There are two more presidential debates to go. Tonight, President Barack Obama and Gov. Mitt Romney face a town-hall-style audience, answering questions from Americans concerned about everything from unemployment to war. This should yield important talking points for all of us to consider, and give us facts to take with us to the voting booths on Nov. 6.
Or we could get another Big Bird.
During the first debate, Romney looked moderator Jim Lehrer in the eye and told him PBS funding would go if he is to become the next president: “I like PBS. I love Big Bird. I actually like you, too. But I’m not gonna keep on spending money on things to borrow money from China to pay for it.”
The Internet went bonkers. Saturday Night Live made funny. President Obama included B-Bird in a campaign ad. Facebook profile photos changed. Sexy Big Bird became the new It costume for Halloween (le sigh).
Entertaining stuff, sure, but here’s why it’s no laughing matter: PBS gives us the type of unbiased, global perspective so desperately needed today. Threatening to take that away—leaving us with, what, Fox News and networks at the mercy of their corporate sponsors?—is a serious issue.
Consider the recent documentary, “Half the Sky,” which aired earlier this month. Based on the groundbreaking book by Nicholas Kristof and Sheryl WuDunn, this special showed areas of the world where women are abused, raped, oppressed and forgotten. Despite the harrowing stories—a 3-year-old sold into sex slavery in Cambodia; a 14-year-old rape victim in Sierra Leone being thrown out of her house for daring to speak out; thousands upon thousands of women dying in childbirth due to lack of healthcare—it’s a story of hope. Educate and value women and you can change the world.
Would you see this on NBC, TLC or even HBO? With so many messages and agendas being thrown at the American public these days, the need for media literacy is more critical than ever. This is a feminist issue of the utmost urgency. If we passively accept what information we’re getting, we don’t retain much power to affect change.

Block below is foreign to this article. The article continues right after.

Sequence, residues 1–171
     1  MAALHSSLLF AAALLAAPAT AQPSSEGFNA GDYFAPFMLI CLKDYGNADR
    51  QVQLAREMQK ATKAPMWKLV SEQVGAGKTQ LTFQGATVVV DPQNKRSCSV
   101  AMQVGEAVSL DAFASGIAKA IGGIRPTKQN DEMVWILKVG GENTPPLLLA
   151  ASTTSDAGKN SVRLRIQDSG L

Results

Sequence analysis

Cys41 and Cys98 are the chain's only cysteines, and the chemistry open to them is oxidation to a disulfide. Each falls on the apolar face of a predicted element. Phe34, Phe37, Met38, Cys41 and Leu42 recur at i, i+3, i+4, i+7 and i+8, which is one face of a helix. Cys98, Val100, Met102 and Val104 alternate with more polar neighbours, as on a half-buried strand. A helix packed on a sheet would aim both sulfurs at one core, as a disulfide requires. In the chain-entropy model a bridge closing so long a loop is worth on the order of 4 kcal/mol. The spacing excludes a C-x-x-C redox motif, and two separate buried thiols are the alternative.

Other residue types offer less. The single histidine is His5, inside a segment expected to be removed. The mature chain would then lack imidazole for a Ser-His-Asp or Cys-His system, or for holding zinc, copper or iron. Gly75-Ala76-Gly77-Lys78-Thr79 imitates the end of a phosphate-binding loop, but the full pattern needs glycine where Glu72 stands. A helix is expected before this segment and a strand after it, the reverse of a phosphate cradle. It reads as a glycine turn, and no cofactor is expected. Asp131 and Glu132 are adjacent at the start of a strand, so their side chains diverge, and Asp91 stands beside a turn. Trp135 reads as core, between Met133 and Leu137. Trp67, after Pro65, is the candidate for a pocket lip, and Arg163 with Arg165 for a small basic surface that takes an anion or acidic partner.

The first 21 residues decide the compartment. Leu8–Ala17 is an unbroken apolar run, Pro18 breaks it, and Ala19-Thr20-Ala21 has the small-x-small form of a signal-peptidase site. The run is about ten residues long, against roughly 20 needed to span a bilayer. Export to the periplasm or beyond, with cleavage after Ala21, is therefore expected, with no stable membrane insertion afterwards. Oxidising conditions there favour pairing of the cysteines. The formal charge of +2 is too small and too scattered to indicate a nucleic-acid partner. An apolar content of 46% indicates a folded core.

So, yes, we should fight to preserve PBS (and know why we’re doing it), but we also must understand what’s being said in a presidential debate rather than picking up the hype after the fact. In an effort for more of us to do just that, here are some steps to watching the remaining debates:
1. Watch the actual debate on the day of the debate. Any later and you’re going to be subject to a skewed perspective.
2. Try to tune out other media noise (Facebook, Twitter, blogs galore) during the debate. Giving yourself room to think and feel uninfluenced by outside perspectives can help you form a more concrete, educated opinion about the issues. Compare your point of view with others after you’ve ruminated on it for awhile.
3. Read and view analysis with a grain of salt. Everyone jumps in to analyze how things went during the debate, give their opinions as to who “won,” and attempt to skew your perspective. There’s value in seeing some of this if for no other reason than to understand how ridiculous things can get. But if you’re going to watch one extreme (say, MSNBC) watch the other (FOX News) and see where your ideas fit in.
4. Talk about it. Talking with friends, family members, even your social network about the issues—not the hype—fosters a discourse so desperately needed in this election.